A fundamental difference between the aesthetic and the scientific is that aesthetic phenomena should only be seen holistically – we cannot reductively analyse a work of art – whereas science breaks phenomena up into elements that have significance in themselves. This means that what science is looking for is quite different from what the art appreciator is looking for. So, whilst Davies explores the role of mirror neurons in response to fiction, he moderates his enthusiasm for experimental data by stating that “most of the significant philosophical issues cannot be resolved by appeal to this” (p.74).

Rembrandt self-portrait, 1660

In ‘The Limits of Aesthetic Empiricism’, Fabian Dorsch refers to two kinds of aesthetic principle: conceptual principles, such as balance; and what he calls default principles, such as elegance always being beautiful. But such aspects of beauty are not ‘components’ of art. Aesthetics is not atomistic. He’s mostly right that “empirical evidence cannot provide any non-inferential justification for aesthetic judgements”, but wrong about there being a parallel between an aesthetic response and, say, estimating the size of a crowd.

In ‘Portrait of the Artist as an Aesthetic Expert’, Christy Mag Uidhir and Cameron Buckner try to reframe the aesthetic theory of art (which refers to aesthetic features of an artwork) by claiming that instead of the piece of art holding any aesthetic quality in itself, it attains the status of art by virtue of its creation by an artist, who holds in mind an ‘aesthetic concept’. So we have a new pairing, not between “artworks and their aesthetic features but instead between artists and their aesthetic concepts” (p.125). They also argue that artists with training are more likely to attain the status of ‘aesthetic experts’ and have a better grasp of aesthetic concepts. The outlook is naïve: “What kinds of training or practice have expert artists received, and what role do aesthetic concepts play in their distinctive perceptual, motor, and conceptual abilities?” (p.130). Their conclusion puts the cart before the horse in demoting ‘aesthetic features’ of a work below a consideration of its production.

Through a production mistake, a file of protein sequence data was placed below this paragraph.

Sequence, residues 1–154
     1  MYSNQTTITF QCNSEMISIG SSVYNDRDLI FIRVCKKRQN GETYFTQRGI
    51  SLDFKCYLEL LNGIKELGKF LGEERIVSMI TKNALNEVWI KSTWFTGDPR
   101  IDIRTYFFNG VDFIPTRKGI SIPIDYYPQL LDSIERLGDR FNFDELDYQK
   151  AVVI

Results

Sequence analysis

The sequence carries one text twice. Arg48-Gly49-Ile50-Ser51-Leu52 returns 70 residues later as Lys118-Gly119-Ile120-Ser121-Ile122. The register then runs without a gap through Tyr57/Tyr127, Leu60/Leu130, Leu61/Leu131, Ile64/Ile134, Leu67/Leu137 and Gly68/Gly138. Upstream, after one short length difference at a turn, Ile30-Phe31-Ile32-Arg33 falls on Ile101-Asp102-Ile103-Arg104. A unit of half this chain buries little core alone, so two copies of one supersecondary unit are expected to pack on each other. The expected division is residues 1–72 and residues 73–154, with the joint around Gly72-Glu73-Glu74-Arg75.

Perhaps the most stimulating contribution is ‘Seeing with Feeling’, where Jesse Prinz approvingly quotes C.I. Lewis’s idea that “the beauty of the rose is its form and colour.” This is a phenomenological viewpoint on beauty: beauty is not conceptual, but it can be seen. He considers such objections as the ‘Puzzle of Manifest Beauty’, whereby we do not (can not) register complexity phenomenologically. His conclusion is that “Beauty is not there to be seen, but there in the seeing” (p.156).

Other contributors to this book address relatively peripheral issues. So I would say that although there is no doubting the commitment and intellectual engagement exhibited throughout this book, the lack of secure critical foundations leads rather quickly to confusion and a deepening uncertainty, where explanations become too reductive, and what is important about the aesthetic experience gets explained away.

The Way Forward?

We can say that philosophy is concerned with ideas about ideas; science with ideas about things in the world and their relations; and aesthetics (along with ethics) with experienced emergent values.

We need a procedure to record, classify and associate agreement in matters aesthetic: the ‘greatness’ of art, the ‘beauty’ of a landscape, the ‘power’ of a musical composition. These may be given quantifiable values through established procedures of opinion polling and sampling. I propose that we refer to any consensus achieved in this process as ‘collective subjectivity’. Though more extreme forms of art must remain closed off to more people, I suggest, nevertheless, that a collective subjective evaluation can be used (with various degrees of confidence) to make quantifiable value judgements that are more than simply ephemeral matters of taste.

Might we now begin to answer Baumgarten’s concerns?

© John Greenbank 2017

John Greenbank graduated in Natural Sciences and English from Clare College, Cambridge, and in Mathematics from the Open University, and is a trained concert singer.

Aesthetics & the Sciences of Mind, eds Greg Currie, Matthew Kieran, Aaron Meskin, Jon Robson, OUP, 2014, 272 pages, £48 hb, ISBN: 0199669635